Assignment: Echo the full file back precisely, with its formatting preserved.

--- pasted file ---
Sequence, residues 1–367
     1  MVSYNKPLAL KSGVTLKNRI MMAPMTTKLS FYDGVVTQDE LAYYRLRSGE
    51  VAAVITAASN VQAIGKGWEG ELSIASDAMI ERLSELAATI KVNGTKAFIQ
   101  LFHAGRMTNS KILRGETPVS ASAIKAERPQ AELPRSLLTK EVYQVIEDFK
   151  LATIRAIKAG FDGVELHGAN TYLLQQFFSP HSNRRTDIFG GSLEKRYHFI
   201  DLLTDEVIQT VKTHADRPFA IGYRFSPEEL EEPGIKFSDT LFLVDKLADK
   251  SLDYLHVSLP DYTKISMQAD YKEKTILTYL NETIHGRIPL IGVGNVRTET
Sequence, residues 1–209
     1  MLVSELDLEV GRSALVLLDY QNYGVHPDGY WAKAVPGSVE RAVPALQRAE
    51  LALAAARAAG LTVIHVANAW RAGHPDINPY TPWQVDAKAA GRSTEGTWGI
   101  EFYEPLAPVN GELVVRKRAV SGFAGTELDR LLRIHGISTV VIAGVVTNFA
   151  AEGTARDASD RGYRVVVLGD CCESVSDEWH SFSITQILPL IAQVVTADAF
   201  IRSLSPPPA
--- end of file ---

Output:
Sequence, residues 1–367
     1  MVSYNKPLAL KSGVTLKNRI MMAPMTTKLS FYDGVVTQDE LAYYRLRSGE
    51  VAAVITAASN VQAIGKGWEG ELSIASDAMI ERLSELAATI KVNGTKAFIQ
   101  LFHAGRMTNS KILRGETPVS ASAIKAERPQ AELPRSLLTK EVYQVIEDFK
   151  LATIRAIKAG FDGVELHGAN TYLLQQFFSP HSNRRTDIFG GSLEKRYHFI
   201  DLLTDEVIQT VKTHADRPFA IGYRFSPEEL EEPGIKFSDT LFLVDKLADK
   251  SLDYLHVSLP DYTKISMQAD YKEKTILTYL NETIHGRIPL IGVGNVRTET
Sequence, residues 1–209
     1  MLVSELDLEV GRSALVLLDY QNYGVHPDGY WAKAVPGSVE RAVPALQRAE
    51  LALAAARAAG LTVIHVANAW RAGHPDINPY TPWQVDAKAA GRSTEGTWGI
   101  EFYEPLAPVN GELVVRKRAV SGFAGTELDR LLRIHGISTV VIAGVVTNFA
   151  AEGTARDASD RGYRVVVLGD CCESVSDEWH SFSITQILPL IAQVVTADAF
   201  IRSLSPPPA